A couple months before I moved to New York, back in 2005, I came to the city to scope things out. I ended up at a bar playing pool into the wee hours with a chatty boy with black hair and dark glasses. Three months later, when I landed in that same neighborhood, I stopped by the bar and there he was again, sipping a Budweiser, pool stick in hand…
“What are the chances?” I exclaimed as we hugged. He quickly explained, very high. He hung out at the dive around the corner from my Lower East Side shoebox apartment all. the. time. And soon enough, so did I. When your bedroom is so tiny that the only place to store your clothes is on a rod hung over your bed, you can either spend your time horizontal planning your next outfit or out at your favorite local spot. Maybe it’s a cafe, maybe it’s a restaurant. For me, it was the bar that became an extension of my home — a living room big enough to fit more than one chair, always filled with familiar faces, and yes, where everybody knows your name.
Cheers, Central Perk, The Peach Pit — there’s a reason hangouts often play supporting roles in our favorite TV shows. We all have those places that provide us with comfort and consistency. “Regulars make a city like New York feel like a small town,” says Carlos Quirarte, co-owner of The Smile in Manhattan. “The other night I saw one of our regulars at another local restaurant and later when I saw him at The Smile, he actually apologized for going somewhere else. Ha! I was like, ‘No worries, you gotta change it up.’ ”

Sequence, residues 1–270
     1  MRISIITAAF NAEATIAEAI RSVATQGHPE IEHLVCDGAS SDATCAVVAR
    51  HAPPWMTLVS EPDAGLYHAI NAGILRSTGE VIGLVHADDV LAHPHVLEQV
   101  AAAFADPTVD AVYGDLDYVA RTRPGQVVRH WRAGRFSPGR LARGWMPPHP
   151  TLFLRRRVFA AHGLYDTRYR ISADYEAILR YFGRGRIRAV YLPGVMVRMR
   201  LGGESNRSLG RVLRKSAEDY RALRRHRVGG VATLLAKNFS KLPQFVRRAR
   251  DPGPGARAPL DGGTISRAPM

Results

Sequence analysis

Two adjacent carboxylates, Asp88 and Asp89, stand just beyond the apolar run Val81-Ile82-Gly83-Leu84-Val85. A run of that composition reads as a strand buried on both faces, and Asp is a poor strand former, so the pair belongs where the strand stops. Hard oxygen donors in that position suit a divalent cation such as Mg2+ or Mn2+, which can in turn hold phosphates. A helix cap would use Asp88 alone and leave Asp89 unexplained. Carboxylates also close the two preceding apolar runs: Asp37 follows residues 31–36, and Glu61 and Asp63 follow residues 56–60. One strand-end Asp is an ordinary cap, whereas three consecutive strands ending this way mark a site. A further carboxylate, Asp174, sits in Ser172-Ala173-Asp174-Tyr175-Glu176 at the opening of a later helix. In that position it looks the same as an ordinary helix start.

Maybe it’s human nature to crave restaurant rituals? A survey conducted in England found that 98% of people there visit the same few places repeatedly. After outgrowing my Manhattan starter apartment, I moved to Brooklyn and once again established a spot. My friends and I often tried to force ourselves to widen our scope and try new places, but somehow we always ended up at our regular haunt chatting with our regular buddies at the end of the night.
Being a regular forges friendships, some that even transcend the establishment walls. “When I opened my place ten years ago, neighborhood moms came in with their little tiny babies, now those babies are coming in on their own after school,” says Ericka Burke, owner and chef of Volunteer Park Cafe in Seattle. “It’s been sweet to watch my own son, who’s six, grow up with his friends in the cafe — now they all go to school together.”
Sean Feeney, co-owner of Italian restaurant Lilia in Williamsburg, Brooklyn, befriended a regular couple who lives across the street. After they celebrated their engagement at the restaurant, Sean would jokingly offer up a piece of marriage advice each time they came in. Then, one night over pasta, they asked him to officiate their wedding ceremony, which he plans to do next year. “It was extremely humbling,” says Sean. “We’ve witnessed so many amazing events — we’ve met the parents and celebrated birthdays, promotions, births — but we’ve also seen guests grieve. Not everyone comes to Lilia happy. Those moments allow us to help and connect to people in a lasting way.”
These days, I have found yet another go-to. My boyfriend and I pop into a Taiwanese place around the corner from our apartment at least once a week. We have a spot where we always sit, we know the menu by heart and the chef often comes out of the kitchen to deliver our pork buns and say hi. Proximity is key, but it’s also the feeling of having “a place” that keeps us coming back.
What’s your spot? Have you ever had a regular restaurant, bar or cafe? What do you love about it?